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 Reilly Ardín

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Delaney
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Female Posts : 112
Join date : 2010-09-24

PostSubject: Reilly Ardín   Sat Sep 25, 2010 6:55 pm

”Either I mistake your shape and making quite,
Or else you are that shrewd and knavish sprite
Called Robin Goodfellow. Are not you he
That frights the maidens of the villagery,
Skim milk, and sometimes labour in the quern,
And bootless make the breathless housewife churn,
And sometime make the drink to bear no barm,
Mislead night-wanders, laughing at their harm?
Those that Hobgoblin call you, and sweet Puck,
You do their work, and they shall have good luck.
Are you not he?”

--William Shakespeare, A Midsummer Night’s Dream, Act II, scene i

Name: Reilly Ardín
Aliases: Puck (used jokingly or as a term of endearment by close friends)
Age: Unknown, appears mid to late 20’s.
Date of Birth: November 1st unknown
Place of Birth: Ireland
Nationality: Irish
Occupation: Freelance, jack-of-all-trades.

Height: 5’7”
Weight: Proportionate
Hair colour: Black, short.
Eye colour: Green
Build: Lean and athletic
Complexion: Fair

Race: Pooka (Phouka, Púca)

One of the most feared fae in Irish mythology. A deft shape-shifter and trickster capable of assuming a variety of forms, all of which are usually terrifying. Common shapes include that of a rabbit, goat, goblin, dog and giant eagle. It’s favoured appearance however is that of a black horse with fiery eyes and long mane. All shapes tend to have black or dark fur. Though the creature’s true form is unknown (forgotten even to itself) it will often adopt a satyr-like or other animalistic form in the presence of other fae.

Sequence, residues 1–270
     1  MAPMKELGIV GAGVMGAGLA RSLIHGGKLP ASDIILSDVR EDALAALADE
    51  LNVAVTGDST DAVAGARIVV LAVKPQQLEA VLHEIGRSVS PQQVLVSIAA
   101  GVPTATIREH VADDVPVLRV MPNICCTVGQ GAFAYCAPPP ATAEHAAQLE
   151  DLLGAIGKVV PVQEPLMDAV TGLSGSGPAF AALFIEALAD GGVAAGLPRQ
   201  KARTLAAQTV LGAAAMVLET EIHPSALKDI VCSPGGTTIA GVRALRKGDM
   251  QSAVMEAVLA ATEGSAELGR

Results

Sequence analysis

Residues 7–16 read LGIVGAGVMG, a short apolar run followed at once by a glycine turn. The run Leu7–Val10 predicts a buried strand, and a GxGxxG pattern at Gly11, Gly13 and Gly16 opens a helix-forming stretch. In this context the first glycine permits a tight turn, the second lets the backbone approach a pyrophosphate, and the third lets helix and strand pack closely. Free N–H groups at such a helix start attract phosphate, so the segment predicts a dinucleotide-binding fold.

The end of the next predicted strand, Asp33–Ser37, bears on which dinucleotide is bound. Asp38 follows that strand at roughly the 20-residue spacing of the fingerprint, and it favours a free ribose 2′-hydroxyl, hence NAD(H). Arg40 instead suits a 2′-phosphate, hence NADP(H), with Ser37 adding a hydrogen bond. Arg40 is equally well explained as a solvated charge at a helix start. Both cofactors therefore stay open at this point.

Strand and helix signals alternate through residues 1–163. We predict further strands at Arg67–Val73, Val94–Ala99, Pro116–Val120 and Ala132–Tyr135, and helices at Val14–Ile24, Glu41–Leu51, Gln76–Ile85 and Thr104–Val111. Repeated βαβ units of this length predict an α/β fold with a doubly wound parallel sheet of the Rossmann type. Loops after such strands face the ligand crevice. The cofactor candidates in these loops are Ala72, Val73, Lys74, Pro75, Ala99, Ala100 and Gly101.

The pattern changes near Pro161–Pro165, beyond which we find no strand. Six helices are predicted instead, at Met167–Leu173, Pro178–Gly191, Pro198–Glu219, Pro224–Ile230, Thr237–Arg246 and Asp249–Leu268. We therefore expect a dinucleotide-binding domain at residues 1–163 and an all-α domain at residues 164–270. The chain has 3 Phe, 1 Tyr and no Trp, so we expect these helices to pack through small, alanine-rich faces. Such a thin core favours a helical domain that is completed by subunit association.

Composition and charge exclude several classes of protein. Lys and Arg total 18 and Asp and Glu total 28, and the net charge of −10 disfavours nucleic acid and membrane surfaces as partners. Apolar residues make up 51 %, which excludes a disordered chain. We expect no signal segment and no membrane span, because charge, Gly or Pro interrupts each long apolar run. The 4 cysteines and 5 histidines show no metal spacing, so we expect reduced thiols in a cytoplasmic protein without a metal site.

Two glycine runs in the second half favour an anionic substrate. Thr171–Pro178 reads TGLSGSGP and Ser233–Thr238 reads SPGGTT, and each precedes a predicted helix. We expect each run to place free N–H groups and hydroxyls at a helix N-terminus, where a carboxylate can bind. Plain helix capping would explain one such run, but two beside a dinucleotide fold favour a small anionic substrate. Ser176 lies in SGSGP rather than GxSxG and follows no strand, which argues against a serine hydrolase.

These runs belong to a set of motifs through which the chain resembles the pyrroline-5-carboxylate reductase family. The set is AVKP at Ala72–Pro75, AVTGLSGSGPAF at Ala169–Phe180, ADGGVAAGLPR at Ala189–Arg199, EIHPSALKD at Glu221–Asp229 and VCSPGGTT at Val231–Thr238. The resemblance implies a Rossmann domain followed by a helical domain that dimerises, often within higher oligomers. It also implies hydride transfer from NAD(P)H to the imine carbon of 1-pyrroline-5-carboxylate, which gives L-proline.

The Pooka is both feared and revered with habits ranging from terrifying those that are out after dark to enticing villagers to a ride on its back, trampling their fields if refused. It is also known to be benevolent at times offering prophesies and warnings but must be constantly placated or else it wreaks havoc on property, crops and/or livestock. This fae is an avid prankster with some tricks often leading to the death of the tricked whilst others are ‘mostly’ harmless, not necessarily because it intends harm but rather because it is oblivious or uncaring of the consequences.
It is said that the pooka can only be trusted to be civil on November day.

(http://www.irelandseye.com/paddy3/preview2.htm)


”Such an uptight bunch, these mortals. It’s all balance the cheque-book, climb the ladder, double brick, neuter your pets. Diet and exercise, fidelity and air-conditioning. Even their breed of fun is half-hearted or tinged with shame: a six-pack and a joint in front of the wrestling or fumble-fingered gropings with the secretary on the photocopier, praying the wife won’t find out. They spend more time worrying about the consequences than living life. Such a waste when most of them don’t even make it through a century.
I just wanna help them lighten up. It’s a public service really.”



Clan: Neutral

Strengths: